The Air Force requests 48 aircraft in FY 2020, about the same as for the last four years, although Congress routinely increases the buy (to 56 in FY 2019) out of a concern that the aircraft are being fielded too slowly. Forty-eight may be the long-term procurement level, rather than the 60 aircraft per year that the Air Force has planned.
After several years of making good progress in maturing technologies, the program has still not achieved the planned levels of reliability and capability. The annual report of the director of Operational Test and Evaluation (DOT&E) highlighted that many of the criticisms from its 2017 report remained unaddressed. For example, the report noted that “The operational suitability of the F-35 fleet remains at a level below Service expectations. Similar to the 2017 DOT&E report, most suitability metrics remained nearly the same throughout 2018 or moved only within narrow bands.” Moreover, cybersecurity testing revealed that “vulnerabilities identified during earlier testing periods still had not been remedied.” The DOT&E also found that fleet-wide average availability “is below the program target value of 60 percent and well below planned 80 percent needed for efficient conduct.” Other issues, such as “unacceptable” gun accuracy for the F-35A and durability of the F-35B, which was well under 8,000 flight hours and expected to begin reaching service life limit in 2026, were also noted.36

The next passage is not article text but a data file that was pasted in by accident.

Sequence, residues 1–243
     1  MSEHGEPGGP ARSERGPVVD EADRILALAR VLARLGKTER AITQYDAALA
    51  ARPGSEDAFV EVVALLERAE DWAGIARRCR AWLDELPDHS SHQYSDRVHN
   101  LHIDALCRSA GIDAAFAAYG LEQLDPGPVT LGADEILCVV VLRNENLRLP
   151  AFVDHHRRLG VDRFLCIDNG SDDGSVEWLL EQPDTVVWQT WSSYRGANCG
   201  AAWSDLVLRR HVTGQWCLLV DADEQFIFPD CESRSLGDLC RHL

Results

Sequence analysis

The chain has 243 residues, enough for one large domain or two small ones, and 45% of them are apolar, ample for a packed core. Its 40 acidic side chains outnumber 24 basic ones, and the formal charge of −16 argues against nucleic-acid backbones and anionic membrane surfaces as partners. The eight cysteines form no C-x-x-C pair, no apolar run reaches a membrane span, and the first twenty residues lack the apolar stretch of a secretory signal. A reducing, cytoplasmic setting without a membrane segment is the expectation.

Age of the fighter/attack force has increased from 8 years at the end of the Cold War in 1991 to 26 years today, while numbers have decreased from 4,000 in 1991 to 1,981 (total) today. Kosiak’s observation is applicable here. Both fleet aging and reduced numbers result from an Air Force decision to cease production of fourth generation aircraft (F-15s and F-16s) in the 1990s and instead wait for production of the fifth generation (F-22s and F-35s). This was the opposite of the Navy’s decision. Unfortunately, production of the F-22 was curtailed at 187 aircraft during the budget drawdown in the late-2000s, and the F-35 was delayed many years from its original schedule.
Fielding of new F-35s is beginning to ease the aging of the fleet (as will production of F-15EXs). Nevertheless, at 48 aircraft per year, it would take another 29 years to reach the F-35 inventory objective of 1,763—FY 2049. Even at 60 aircraft per year, the Air Force goal, it would take 23 years—FY 2043. The average age of the fighter/attack fleet will, therefore, remain high for a long time, perhaps indefinitely.